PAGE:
The publishing parameters may comprise event parameters or commands for asking the proxy publisher to perform actions on behalf of the application outside of request handling to allow web applications to behave as normal applications but with a background wakeup task. Whether the optional parameters can be executed is security level and operating system dependent. The event parameters may comprise a wake upon (condition) parameter or command for requesting the proxy publisher to wake up (launch) an application when a certain offline proxy condition is met (e.g., e-mail received). Whether the application will actually be launched is left to security permissions or the operating system. The proxy publisher may implement an operating system service for sleeping applications to publish services which can be read and passed to other applications. For example, a C/C++ application can use the proxy publisher to post a request which self updates and presents a shared publishable result. In general, any compiled (statically linked) application can use the proxy publisher to wake up when a certain wake up condition is met.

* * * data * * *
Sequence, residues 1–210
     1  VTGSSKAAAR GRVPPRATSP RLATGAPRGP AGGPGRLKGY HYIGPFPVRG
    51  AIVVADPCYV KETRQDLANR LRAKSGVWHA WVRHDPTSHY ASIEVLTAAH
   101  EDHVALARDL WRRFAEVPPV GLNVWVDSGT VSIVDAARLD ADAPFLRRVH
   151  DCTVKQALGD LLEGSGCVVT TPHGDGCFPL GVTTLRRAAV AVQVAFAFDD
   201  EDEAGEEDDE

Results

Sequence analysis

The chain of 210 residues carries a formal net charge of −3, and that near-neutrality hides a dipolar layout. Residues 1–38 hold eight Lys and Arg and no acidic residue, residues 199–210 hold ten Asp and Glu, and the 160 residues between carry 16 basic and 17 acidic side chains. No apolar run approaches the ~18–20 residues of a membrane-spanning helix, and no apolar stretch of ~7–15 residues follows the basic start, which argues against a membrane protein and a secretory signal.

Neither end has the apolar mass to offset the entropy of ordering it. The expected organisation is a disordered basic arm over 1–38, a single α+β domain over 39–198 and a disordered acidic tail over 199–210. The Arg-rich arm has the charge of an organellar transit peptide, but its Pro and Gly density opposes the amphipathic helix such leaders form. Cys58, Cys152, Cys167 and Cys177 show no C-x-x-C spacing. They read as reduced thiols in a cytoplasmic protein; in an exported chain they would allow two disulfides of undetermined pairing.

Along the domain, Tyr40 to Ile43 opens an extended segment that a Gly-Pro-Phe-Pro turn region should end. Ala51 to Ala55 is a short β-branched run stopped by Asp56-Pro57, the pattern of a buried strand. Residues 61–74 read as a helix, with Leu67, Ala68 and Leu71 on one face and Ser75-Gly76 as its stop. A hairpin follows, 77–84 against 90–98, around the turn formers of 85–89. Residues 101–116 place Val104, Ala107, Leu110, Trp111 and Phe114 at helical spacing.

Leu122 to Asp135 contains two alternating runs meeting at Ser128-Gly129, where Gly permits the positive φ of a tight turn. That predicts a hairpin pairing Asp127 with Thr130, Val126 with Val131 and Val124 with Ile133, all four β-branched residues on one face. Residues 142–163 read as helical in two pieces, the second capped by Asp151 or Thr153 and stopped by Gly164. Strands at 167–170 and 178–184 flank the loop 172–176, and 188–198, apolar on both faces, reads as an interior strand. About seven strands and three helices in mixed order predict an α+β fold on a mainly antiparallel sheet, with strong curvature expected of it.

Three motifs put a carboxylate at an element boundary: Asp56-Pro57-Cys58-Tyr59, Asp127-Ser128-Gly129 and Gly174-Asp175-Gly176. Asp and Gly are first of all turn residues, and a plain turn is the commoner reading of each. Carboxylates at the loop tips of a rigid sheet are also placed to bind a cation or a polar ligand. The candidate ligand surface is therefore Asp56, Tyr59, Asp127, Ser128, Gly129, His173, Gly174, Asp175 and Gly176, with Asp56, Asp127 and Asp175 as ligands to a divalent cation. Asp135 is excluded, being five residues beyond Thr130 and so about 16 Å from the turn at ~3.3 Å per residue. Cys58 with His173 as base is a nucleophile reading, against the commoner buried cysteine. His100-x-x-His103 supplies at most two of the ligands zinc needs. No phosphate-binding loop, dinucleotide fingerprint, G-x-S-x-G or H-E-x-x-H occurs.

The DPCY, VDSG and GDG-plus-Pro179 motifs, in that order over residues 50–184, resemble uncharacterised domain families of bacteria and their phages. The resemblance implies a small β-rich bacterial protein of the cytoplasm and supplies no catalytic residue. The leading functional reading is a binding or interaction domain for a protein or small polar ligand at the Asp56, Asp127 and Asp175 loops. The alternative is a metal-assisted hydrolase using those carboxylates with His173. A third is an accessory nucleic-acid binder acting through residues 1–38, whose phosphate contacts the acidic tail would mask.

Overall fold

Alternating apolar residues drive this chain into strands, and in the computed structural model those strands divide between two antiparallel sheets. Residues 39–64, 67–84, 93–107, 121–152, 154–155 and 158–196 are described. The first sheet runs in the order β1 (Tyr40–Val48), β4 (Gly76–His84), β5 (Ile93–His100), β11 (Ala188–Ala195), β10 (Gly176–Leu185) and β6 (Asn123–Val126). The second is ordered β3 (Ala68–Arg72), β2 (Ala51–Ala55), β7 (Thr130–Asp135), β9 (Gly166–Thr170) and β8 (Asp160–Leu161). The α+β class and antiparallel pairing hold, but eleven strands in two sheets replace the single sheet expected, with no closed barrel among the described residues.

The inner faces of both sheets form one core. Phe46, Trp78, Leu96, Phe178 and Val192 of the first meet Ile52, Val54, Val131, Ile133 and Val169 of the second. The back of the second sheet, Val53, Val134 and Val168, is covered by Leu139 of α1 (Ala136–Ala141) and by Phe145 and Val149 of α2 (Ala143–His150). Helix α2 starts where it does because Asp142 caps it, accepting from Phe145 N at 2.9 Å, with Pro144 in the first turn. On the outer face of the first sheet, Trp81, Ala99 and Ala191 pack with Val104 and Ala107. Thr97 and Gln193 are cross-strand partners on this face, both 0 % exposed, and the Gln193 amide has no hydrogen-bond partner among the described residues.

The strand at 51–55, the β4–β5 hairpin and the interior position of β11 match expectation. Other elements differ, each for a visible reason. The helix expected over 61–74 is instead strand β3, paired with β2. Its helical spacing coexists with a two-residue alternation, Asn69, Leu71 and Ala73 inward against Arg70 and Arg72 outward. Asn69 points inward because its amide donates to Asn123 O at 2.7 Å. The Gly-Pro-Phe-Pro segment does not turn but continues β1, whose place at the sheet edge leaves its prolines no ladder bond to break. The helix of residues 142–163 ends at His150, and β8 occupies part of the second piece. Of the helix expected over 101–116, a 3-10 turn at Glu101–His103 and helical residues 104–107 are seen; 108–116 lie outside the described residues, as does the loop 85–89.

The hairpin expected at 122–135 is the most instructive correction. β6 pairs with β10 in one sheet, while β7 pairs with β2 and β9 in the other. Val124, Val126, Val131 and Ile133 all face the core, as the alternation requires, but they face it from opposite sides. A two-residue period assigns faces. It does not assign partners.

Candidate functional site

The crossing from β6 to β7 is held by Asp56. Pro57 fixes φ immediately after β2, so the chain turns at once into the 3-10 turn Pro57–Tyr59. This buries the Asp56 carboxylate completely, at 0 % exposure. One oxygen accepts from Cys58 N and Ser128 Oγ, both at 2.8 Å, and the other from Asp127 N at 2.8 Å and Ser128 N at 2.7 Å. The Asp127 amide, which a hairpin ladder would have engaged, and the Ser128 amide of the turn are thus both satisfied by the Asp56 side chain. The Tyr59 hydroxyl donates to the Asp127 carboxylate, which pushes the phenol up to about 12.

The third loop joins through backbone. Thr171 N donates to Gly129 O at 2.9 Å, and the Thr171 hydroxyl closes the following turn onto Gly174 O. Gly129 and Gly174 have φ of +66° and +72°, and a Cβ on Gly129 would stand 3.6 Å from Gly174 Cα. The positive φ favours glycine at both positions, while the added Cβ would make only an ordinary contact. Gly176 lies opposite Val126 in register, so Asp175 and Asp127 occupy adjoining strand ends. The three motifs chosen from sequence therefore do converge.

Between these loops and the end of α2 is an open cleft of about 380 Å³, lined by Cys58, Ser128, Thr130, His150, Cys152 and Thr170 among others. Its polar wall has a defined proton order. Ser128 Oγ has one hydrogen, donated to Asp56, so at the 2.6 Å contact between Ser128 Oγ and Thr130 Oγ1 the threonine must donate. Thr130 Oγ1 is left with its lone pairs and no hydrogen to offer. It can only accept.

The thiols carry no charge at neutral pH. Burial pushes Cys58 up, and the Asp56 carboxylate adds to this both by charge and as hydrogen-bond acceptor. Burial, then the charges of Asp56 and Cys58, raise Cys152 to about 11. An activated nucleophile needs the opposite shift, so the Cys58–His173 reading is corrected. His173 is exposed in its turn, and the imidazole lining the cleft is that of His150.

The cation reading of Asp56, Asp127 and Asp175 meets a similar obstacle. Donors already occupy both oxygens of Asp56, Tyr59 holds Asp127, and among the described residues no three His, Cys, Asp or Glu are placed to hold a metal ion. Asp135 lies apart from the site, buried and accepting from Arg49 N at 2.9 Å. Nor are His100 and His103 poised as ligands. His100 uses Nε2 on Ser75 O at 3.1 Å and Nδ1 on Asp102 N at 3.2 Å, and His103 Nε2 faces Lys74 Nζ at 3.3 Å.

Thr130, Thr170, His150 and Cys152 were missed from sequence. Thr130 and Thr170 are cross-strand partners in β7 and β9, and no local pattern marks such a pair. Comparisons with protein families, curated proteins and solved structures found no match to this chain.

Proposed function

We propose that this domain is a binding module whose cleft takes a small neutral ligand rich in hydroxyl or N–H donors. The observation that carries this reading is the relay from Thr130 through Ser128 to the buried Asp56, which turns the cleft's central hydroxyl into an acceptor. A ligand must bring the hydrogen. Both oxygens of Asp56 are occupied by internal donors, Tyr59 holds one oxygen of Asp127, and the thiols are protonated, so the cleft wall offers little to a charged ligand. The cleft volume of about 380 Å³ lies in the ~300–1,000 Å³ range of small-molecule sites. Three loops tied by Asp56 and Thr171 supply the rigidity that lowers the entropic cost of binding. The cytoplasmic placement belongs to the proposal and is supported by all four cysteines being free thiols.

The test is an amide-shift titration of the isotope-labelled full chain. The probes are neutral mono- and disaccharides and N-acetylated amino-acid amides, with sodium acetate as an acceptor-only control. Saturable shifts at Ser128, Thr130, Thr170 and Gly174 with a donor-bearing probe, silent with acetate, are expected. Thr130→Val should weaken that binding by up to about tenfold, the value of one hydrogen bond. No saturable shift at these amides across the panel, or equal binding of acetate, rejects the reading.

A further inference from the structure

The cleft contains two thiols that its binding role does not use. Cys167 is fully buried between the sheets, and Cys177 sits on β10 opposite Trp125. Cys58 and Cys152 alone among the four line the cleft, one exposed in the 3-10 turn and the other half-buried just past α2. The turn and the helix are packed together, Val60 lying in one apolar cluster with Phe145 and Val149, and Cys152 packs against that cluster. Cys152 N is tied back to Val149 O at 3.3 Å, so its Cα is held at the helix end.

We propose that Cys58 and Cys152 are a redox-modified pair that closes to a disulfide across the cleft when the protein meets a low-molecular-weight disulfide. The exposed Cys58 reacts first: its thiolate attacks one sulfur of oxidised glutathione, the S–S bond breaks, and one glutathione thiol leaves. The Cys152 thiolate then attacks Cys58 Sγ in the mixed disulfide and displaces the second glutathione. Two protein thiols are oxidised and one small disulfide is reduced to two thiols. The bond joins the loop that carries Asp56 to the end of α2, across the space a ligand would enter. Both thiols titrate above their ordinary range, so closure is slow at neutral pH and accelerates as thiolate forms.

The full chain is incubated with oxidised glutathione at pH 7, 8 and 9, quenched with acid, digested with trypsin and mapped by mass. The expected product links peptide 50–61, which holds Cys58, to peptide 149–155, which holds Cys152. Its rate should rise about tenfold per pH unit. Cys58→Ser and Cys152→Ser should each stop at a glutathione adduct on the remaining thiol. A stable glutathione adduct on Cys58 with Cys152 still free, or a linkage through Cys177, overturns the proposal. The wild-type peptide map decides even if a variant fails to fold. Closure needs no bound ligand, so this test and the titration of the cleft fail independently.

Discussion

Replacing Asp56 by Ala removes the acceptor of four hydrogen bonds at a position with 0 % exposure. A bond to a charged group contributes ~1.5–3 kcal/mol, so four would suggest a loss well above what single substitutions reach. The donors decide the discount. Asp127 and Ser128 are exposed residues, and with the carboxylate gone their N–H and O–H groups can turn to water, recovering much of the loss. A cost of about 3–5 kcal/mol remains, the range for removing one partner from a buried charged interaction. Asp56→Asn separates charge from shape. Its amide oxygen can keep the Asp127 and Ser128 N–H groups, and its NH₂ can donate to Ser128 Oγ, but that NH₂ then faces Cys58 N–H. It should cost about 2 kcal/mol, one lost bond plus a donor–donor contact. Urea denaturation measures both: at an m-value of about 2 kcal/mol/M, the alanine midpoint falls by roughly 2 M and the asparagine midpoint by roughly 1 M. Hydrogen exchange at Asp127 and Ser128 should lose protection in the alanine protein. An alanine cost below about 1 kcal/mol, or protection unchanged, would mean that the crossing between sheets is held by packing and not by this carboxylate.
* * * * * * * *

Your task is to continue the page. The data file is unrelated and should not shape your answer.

The event parameters may comprise an alert_upon (condition) parameter or command for requesting the proxy publisher to post an alert to the operating system when a condition is met (e.g., publishing application needs attention). This allows a web application to post information via the proxy publisher. The response may be a posted message in a dialog box or a textual or iconic notification on the home screen/idle screen of the device. For example, a scripted widget application running on a cell phone device may provide an e-mail viewing service and may set an event such that when the proxy publisher discovers a new e-mail, an event request is posted to the device idle screen so that the user knows to look at their e-mail. The alert parameters also may comprise an optional alert_msg, parameter and an optional alert_urgency parameter.

The offline capabilities of a publishing application may be restricted in accordance with operating system security policies. For example, the proxy publisher may interact with the operating system security policies and permissions to restrict use of publishing application offline capabilities. In some embodiments, the proxy publisher will, for security purposes, include the application signature ID or referring page for the operating system to determine whether to execute a request in response to a wake up or alter condition.